UCI faculty and students gathered on April 2, 2019 for the “Learning to Give Back” Awards Ceremony to present donations to these Orange County nonprofit organizations: Project Kinship, The Wooden Floor, Latino Health Access, Mariposa, and #HashtagLunchbag.

Students chose the nonprofits as part of the course University Studies 10, Introduction to Civic and Community Engagement. The course is led by Dr. Victoria Lowerson Bredow and sponsored by ENO Brands— a jewelry manufacturing company whose Senior Special Projects Liaison, Ellen Chen, Chief Operating Officer, Stephanie Tsao, and Chief Strategy Officer, Kevin Tsao, a UCI alumni, all believe in giving back and want to instill this same drive in younger generations.

University Studies 10 is a core course for UCI’s Civic and Community Engagement minor, which “provides students with knowledge, skills, and opportunities to engage as citizens and community members in the 21st century,” according to its website. The course requires students to actively engage with philanthropy by researching nonprofit organizations and choosing which to support. The funds for the donations are generously provided by The Philanthropy Lab, an organization that aims to “spark and expand students’ interest and participation in philanthropy.”

The students selected these five nonprofit organizations:

Chancellor Howard Gillman, speaking at the awards ceremony, underscored the social importance of giving back to one’s community.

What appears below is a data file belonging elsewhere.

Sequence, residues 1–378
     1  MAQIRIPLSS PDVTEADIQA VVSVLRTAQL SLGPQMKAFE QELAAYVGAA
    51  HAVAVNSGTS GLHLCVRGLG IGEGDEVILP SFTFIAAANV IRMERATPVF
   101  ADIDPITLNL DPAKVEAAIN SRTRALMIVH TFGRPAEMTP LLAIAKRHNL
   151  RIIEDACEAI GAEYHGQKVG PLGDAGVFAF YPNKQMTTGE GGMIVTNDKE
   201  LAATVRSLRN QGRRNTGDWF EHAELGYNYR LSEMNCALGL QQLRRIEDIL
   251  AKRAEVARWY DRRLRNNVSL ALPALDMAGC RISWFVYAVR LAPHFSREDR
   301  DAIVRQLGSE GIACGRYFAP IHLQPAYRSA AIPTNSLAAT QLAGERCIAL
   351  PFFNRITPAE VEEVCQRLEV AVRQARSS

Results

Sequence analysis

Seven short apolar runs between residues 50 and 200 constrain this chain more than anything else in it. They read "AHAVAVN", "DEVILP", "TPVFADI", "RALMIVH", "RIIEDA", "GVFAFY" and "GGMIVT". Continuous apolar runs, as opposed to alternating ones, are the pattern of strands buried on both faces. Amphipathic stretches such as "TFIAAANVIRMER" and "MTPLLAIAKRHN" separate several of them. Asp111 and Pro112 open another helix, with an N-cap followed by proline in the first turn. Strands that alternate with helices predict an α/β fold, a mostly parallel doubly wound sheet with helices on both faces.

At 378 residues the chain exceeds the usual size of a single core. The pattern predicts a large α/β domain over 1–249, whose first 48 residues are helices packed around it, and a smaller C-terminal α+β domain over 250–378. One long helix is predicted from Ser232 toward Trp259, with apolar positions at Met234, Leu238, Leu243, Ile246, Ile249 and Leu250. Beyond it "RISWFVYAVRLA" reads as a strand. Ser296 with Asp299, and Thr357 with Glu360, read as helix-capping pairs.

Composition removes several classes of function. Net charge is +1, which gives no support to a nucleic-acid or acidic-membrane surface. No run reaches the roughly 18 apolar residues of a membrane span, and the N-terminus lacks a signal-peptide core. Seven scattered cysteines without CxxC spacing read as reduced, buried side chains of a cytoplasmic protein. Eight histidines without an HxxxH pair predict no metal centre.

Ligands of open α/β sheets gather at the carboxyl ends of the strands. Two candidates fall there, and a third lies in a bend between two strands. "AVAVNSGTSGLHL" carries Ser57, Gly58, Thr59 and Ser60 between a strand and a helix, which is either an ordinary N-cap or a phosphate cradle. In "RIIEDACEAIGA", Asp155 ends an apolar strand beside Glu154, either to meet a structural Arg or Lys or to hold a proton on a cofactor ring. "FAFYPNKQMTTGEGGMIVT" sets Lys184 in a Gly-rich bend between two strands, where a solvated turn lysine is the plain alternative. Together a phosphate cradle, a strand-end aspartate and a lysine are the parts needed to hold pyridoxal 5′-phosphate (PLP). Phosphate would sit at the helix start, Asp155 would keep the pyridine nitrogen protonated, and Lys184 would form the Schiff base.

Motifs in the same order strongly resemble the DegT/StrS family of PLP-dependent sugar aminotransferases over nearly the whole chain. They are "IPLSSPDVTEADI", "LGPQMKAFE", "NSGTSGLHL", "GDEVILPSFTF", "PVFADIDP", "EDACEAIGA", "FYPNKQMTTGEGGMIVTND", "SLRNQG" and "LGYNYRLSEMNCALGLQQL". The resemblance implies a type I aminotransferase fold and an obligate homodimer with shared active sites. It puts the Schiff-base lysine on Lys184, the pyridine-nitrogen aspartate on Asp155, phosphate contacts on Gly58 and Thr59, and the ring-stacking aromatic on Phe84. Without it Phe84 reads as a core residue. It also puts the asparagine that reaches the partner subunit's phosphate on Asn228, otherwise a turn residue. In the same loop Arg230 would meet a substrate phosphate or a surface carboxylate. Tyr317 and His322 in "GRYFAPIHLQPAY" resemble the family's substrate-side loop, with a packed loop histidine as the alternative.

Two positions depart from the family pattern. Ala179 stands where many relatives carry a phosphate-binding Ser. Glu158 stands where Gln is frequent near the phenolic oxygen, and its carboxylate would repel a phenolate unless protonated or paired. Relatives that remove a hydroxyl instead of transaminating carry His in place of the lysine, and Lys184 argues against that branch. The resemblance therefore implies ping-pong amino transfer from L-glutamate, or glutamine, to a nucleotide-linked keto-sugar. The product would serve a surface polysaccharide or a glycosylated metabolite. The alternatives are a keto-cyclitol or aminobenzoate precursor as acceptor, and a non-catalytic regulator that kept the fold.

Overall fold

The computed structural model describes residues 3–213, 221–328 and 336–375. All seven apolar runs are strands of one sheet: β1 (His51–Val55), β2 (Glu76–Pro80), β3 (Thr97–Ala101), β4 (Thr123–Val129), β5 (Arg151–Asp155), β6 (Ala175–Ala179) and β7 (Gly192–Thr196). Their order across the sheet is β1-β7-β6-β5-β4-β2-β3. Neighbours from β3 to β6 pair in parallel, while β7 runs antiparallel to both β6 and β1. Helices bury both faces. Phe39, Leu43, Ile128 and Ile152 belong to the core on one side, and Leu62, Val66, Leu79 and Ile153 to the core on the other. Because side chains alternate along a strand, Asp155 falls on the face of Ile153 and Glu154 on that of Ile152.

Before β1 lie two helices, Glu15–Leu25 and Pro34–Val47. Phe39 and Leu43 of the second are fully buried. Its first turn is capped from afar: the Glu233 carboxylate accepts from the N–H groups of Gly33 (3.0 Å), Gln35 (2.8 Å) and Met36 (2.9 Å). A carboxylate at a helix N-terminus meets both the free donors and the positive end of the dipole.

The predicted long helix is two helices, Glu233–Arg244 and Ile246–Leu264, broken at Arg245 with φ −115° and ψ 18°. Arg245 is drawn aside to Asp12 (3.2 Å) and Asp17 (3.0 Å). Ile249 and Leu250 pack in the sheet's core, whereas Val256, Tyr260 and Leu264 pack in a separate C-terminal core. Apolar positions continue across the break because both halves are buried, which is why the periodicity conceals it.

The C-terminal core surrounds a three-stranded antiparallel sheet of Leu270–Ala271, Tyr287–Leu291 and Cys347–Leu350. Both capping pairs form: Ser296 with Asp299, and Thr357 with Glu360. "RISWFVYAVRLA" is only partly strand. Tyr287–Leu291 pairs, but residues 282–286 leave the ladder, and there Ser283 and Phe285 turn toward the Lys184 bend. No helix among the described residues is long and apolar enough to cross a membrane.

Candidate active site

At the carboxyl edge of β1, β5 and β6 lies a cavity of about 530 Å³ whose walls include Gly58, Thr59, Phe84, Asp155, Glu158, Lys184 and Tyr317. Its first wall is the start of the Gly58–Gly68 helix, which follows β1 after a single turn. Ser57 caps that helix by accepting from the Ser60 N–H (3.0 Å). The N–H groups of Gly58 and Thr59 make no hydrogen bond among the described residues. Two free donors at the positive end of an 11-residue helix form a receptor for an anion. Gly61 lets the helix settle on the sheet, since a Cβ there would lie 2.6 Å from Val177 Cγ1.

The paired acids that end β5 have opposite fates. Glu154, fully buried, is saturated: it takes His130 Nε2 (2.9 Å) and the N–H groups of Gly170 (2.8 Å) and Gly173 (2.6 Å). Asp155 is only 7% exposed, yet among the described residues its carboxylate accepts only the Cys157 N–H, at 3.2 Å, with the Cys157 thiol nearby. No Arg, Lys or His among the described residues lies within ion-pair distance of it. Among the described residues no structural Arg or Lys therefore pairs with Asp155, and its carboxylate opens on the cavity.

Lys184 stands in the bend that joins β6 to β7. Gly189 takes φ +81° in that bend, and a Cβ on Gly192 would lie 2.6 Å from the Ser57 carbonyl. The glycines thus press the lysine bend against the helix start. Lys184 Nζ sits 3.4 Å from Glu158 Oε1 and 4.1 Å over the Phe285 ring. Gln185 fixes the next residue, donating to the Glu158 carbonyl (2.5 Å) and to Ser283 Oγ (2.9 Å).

“It is deeply important that in addition to whatever work you’re doing on your own for yourself, your family and your friends, that you feel a sense of obligation to your neighbors, to your world, to do what you can to address the issues you feel strongly about,” he said.

“When you give that gift, you should feel as grateful for the opportunity to give that gift as the organization is to be receiving it. In the end, you should feel as though you’ve been given a gift.”

Celine Ton, a third year Biological Sciences major in the class, felt firsthand how fulfilling it can be to make a difference by giving a gift.

“To see how we took that money and actually created a change in a matter of 10

weeks, and to be able to evaluate that change in the years to come is something that’s

going to be really exciting for me,” she said.

Celine most appreciated the community-involved approach many of the nonprofits take.

“Medicine is a lot more than just biology, you know?” she said. “You have to have that community engagement aspect, and that’s what I learned from all the non-profits that we visited.”

“You can say you stand for a certain topic, but does that matter unless you’re engaging with your constituents?”

Charline Minifield, a graduating senior majoring in Criminology, Law, and Society and minoring in Civic and Community Engagement, was inspired by her experience with the course.

“Everyone in the class shared their projects, the stuff that they were passionate about,” she said, “and it really instilled something in me, instilled a passion that I hadn’t seen anywhere else.”

“It was amazing to think that, through this course, we had the privilege of connecting and pooling our knowledge, resources, and skills together to be advocates of change and support the hard workers of this community.”

For more, email Cherry Yip, Program Coordinator for the Civic and Community Engagement Minor.